The Aahrus is a combined STM and non-contact AFM head which operates a KolibriTM sensor under Ultra-high-vacuum conditions (P<10-10 mbar). Apart from allowing for imaging of metallic and insulating samples with atomic resolution, its unique feature is a radiative filament which can heat the sample up to 900ºC while keeping the tip and scanner protected near room temperature. This accessory, together with the possibility of dosing gases and evaporating materilas in-situ during scanning, makes the Aahrus an excellent instrument to explore the real-time chemical and catalytical activity of a surface by bringing the system to artificial thermodynamic conditions which can be tuned to the particular time resolution required for each experiment.

The microscope is connected under UHV conditions to the JT-STM facility, which offers all kind of sample preparation accessories and allows users to exchange the very same sample between both microscopes. The Aahrus is regularly applied to real-time monitoring of thermally activated processes such as chemical vapour deposition (for instance graphene growth on metallic surfaces), on-surface synthesis, metal epitaxy and self-assembled organic monolayers.

What uses have this equipment?

Scanning Probe Microscopy and spectroscopy:

  • Structural characterization with atomic resolution of metallic and insulating surfaces.
  • Fast loading approach and flexible design for quick characterization of samples grown in-situ or taken as-prepared from the outside.
  • Force spectroscopy with sub-Å Z resolution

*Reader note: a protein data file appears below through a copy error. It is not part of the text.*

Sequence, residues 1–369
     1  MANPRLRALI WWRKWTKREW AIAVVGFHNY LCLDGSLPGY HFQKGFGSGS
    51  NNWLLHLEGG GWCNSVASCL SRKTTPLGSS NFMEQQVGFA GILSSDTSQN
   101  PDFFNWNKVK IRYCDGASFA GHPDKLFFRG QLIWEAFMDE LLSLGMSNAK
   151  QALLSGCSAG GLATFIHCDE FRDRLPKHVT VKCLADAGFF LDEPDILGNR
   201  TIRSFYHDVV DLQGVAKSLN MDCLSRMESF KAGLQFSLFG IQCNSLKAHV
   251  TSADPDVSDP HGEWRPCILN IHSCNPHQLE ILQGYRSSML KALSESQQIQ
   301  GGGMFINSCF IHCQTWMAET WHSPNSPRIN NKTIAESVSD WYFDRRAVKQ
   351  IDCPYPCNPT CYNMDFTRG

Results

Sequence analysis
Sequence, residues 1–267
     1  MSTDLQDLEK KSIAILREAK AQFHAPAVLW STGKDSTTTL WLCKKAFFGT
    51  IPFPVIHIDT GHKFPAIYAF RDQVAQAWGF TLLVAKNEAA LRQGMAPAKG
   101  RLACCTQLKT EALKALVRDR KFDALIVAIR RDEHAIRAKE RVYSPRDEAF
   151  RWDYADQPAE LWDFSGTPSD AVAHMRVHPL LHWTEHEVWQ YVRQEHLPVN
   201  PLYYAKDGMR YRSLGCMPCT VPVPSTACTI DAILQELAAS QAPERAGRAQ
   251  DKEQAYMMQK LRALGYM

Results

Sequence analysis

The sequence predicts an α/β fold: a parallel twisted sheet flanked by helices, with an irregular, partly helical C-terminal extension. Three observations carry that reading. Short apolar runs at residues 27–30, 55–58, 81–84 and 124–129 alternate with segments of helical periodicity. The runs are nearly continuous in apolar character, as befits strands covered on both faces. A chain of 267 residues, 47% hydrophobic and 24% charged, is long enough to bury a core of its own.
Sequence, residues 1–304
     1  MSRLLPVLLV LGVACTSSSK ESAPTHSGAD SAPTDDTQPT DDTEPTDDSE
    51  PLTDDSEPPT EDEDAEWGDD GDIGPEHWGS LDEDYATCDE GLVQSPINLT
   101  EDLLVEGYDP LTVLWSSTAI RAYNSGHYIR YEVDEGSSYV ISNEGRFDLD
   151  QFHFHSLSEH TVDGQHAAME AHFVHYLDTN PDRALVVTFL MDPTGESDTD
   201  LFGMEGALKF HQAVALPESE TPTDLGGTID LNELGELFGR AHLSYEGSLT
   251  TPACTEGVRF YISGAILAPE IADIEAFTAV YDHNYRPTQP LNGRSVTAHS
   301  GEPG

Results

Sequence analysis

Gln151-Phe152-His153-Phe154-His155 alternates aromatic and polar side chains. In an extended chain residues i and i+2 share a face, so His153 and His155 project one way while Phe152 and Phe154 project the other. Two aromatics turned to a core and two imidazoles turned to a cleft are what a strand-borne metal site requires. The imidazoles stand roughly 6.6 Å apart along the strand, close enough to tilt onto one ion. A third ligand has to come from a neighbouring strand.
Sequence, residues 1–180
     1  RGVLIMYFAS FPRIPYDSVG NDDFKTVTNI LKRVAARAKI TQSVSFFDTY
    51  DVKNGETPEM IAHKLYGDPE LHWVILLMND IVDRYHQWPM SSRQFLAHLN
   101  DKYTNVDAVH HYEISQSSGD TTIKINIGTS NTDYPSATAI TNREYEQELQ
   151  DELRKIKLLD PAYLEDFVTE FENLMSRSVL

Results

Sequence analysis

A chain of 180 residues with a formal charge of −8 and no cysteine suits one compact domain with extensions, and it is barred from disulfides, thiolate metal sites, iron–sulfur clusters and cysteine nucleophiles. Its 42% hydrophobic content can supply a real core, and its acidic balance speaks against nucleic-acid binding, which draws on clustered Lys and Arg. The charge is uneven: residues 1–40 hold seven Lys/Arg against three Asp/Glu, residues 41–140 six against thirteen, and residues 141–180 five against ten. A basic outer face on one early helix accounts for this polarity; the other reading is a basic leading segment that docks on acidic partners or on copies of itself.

• Chemical contrast mapping with atomic resolution using repulsive or attracting tip-atom forces.
  • Dedicated Kelvin Probe Microscopy module.

Real-time physical-chemical characterization of 2D materials:

  • Real-time monitoring of surface dynamics up to 900 ºC
  • Controlled gas-dosing in-situ during scanning.
  • Capable of scanning during evaporation of organic or inorganic materials.

Technical specifications

  • Temperature range: 100 (LN2 flow cryostat) to 1200 K (radiative heater)
  • LN2 hold time: 24 hours
  • Z topographic noise: 5 pm peak-peak; <2000 fm/Hz
  • Thermal drift at low temperatures: Standard STM grade images can be obtained with scan time <5 min at temperatures <250 K.
  • Thermal drift at high temperatures: For T<600 ºC standard STM grade images can be obtained after thermal relaxation of about 15 min. For 600 ºC < T < 900 ºC scan time is limited to 5-10 minutes.
  • Minimum stable oscillation amplitude of Kolibri sensor for nc-AFM: 90 pm
    Force resolution: <1 pN Maximum operating pressure: 110-5 mbar.
  • In-situ tip conditioning


Sample preparation: (shared with SPECS JT-STM) 3 ion-guns, 3 e-beam heaters (100-1300ºC). 1 flash heater (>2000 ºC in 25 seconds), low energy electron diffraction and Auger spectroscopy (SPECS ErLEED 150), quadrupole mass spectrometer for residual gas analysis, 7 leak-valves for controlled gas injection, 1 SPECS EBE4 and 1 SPECS EBE1 e-beam evaporators, 2 parking stations for mini-UHV transportable organic evaporators, 1 high temperature effusion cell (CreaTec)


Fig 1. Atomically resolved Ag(111) surface in nc-AFM mode. Kolibri PLL parameters res1 MHz, Q25000, oscillation amplitude 200 pm, SP=0.2 Hz (positive feedback range), 2 lines/second.

Fig 2. Sequential set of images of Tm/W(110) while increasing the temperature. At RT an amorphous deposit is obtained. At 400ºC the Tm atoms arrange epitaxially over the W(110) forming a Moirée patter. At 750-800 ºC WC are segregated from where the Tm is expelled. At 900ºC the Tm desorbs and the bare W(110) surface remains.

Fig 3. Time evolution of CVD of propene on Ni(111) at 550 ºC. After taking the left-most frame showing a clean Ni surface with fuzzy step edges due to the atoms mobility at this temperature, a partial pressure of propene of 110-6 mbar is dosed into the chamber. The second panel shows the formation front of a Ni2C monolayer. After a few minutes the whole scan area is covered by Ni2C (as confirmed by the atomically resolved images in the right panel), where the atomic steps have been wiped out due to microscale mass transport of Ni to accommodate the lower density phase of the product.